Purchasing power is the ability of consumers to purchase goods and services with a specific amount of currency or credit. The more goods and services that can be purchased with the same amount of money in any form, the higher the purchasing power of the individual, business, or other entity. Attempting to maximize this buying power is a common goal for just about any entity, from individuals who are attempting to organize a household budget to best effect to large multinational corporations that are seeking to maximize the returns on the proper use of their resources.
One of the easiest ways to understand this process is to consider its role in the operation of a household. With a specific amount of income to pay for all the monthly expenses associated with the home, a consumer will take steps to acquire the most goods and services necessary for successfully operating the home, while spending as little of the available income as possible. For example, the person may choose to purchase food products that are on sale rather than those currently sold at regular prices, making it possible to buy more food without spending any more money. As a result, he or she is able to prepare more meals at home for the same expense, making it possible to gain additional benefit from the resources on hand.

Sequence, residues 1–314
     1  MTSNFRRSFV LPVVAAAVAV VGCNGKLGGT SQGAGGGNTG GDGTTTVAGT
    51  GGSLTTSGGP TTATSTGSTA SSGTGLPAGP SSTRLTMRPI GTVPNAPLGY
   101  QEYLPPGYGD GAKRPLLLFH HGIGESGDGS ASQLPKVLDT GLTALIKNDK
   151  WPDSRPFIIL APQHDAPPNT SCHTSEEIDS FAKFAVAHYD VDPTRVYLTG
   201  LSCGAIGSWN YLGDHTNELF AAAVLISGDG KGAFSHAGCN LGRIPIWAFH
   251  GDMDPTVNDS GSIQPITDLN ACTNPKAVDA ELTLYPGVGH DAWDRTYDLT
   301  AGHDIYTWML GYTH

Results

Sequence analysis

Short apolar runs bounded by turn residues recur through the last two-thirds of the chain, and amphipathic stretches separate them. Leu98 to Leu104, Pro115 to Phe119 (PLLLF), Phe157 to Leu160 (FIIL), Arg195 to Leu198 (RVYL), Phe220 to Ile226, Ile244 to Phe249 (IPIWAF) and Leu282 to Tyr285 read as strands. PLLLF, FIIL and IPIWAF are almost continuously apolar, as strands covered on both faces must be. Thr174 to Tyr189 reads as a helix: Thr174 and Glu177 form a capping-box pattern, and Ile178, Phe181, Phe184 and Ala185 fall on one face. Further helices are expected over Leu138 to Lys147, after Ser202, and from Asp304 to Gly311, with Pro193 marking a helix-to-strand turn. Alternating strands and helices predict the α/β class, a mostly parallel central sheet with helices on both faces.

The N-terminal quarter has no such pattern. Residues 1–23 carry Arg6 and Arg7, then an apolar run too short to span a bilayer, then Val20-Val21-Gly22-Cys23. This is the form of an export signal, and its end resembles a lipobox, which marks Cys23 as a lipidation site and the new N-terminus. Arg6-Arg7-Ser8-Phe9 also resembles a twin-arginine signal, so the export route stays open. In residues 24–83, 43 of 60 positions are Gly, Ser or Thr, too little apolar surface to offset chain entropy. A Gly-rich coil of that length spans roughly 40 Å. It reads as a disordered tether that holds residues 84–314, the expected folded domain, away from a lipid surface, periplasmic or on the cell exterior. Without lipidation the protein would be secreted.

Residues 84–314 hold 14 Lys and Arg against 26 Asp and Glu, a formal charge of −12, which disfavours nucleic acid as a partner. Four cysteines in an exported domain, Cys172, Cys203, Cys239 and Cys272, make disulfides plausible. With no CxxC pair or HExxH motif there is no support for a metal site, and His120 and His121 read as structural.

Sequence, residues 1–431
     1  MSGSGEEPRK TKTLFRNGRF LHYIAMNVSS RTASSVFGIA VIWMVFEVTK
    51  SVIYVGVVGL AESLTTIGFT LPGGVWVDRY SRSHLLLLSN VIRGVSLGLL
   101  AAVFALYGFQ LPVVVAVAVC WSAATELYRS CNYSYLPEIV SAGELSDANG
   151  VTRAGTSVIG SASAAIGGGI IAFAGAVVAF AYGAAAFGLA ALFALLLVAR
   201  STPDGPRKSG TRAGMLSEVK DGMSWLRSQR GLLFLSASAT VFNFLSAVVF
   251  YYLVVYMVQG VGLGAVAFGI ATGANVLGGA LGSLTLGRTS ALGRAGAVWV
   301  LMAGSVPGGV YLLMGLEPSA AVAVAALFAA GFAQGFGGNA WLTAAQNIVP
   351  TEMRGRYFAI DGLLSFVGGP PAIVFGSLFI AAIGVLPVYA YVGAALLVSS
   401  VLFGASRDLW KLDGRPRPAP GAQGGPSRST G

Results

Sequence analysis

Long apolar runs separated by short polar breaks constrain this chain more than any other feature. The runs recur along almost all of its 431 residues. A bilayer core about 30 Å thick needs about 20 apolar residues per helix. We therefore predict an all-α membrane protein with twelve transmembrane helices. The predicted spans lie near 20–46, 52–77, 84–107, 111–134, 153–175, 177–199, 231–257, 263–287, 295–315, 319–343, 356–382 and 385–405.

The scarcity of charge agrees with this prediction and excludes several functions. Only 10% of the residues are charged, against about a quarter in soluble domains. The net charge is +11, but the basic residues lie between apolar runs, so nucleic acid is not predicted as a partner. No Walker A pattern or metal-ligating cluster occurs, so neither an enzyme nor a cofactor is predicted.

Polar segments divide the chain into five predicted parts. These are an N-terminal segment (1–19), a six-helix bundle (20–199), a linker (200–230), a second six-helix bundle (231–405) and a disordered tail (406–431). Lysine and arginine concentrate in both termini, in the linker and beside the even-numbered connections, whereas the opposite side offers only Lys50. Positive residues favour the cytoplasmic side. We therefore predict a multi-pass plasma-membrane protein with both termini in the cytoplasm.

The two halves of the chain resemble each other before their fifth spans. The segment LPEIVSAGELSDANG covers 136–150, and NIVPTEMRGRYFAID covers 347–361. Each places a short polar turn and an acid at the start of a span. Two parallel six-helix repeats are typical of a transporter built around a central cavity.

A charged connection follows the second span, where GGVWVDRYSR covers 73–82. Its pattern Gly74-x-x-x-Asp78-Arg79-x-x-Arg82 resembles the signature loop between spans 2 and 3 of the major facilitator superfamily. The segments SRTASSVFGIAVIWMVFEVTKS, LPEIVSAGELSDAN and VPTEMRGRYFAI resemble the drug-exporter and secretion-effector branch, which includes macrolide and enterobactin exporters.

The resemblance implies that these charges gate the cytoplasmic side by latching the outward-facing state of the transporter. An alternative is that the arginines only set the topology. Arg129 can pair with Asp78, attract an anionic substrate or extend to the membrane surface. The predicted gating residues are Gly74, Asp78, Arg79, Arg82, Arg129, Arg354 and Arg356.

Businesses employ the same approach to cultivating as much purchasing power as possible. This often takes the form of seeking discounts on volume purchases of goods and services, effectively allowing the corporation to acquire more of what it needs to operate without spending any additional money. Doing so reduces operation expenses, makes it possible to produce products for sale at a lower cost, and ultimately increases the profit margin for the business. If a company finds that it cannot buy additional goods and services without spending more money, the purchasing ability of the business is considered diminished, and will eventually result in lower profits for the operation.
Investors also employ the concept when engaged in the task of securities trading. The idea is to use available credit, such as a margin account, to secure stocks and other securities that have the potential to earn a higher return, maximizing the profits that are earned from the investment. This approach allows investors to make the most of the credit limits assigned to margin accounts issued and maintained by brokerages, while avoiding the necessity to tie up more of their own resources to achieve the same results.
Ultimately, purchasing power is all about receiving the most benefit without incurring any additional expense. As a budgeting tool, assessing buying power is essential in just about any situation. Maximizing the satisfaction generated by acquiring more without spending additional money places the consumer in a more favorable financial position and frees other resources for use in different areas. Finding ways to manage this task remains a constant effort of most individuals and companies, and goes a long way toward inspiring competition among providers of different goods and services.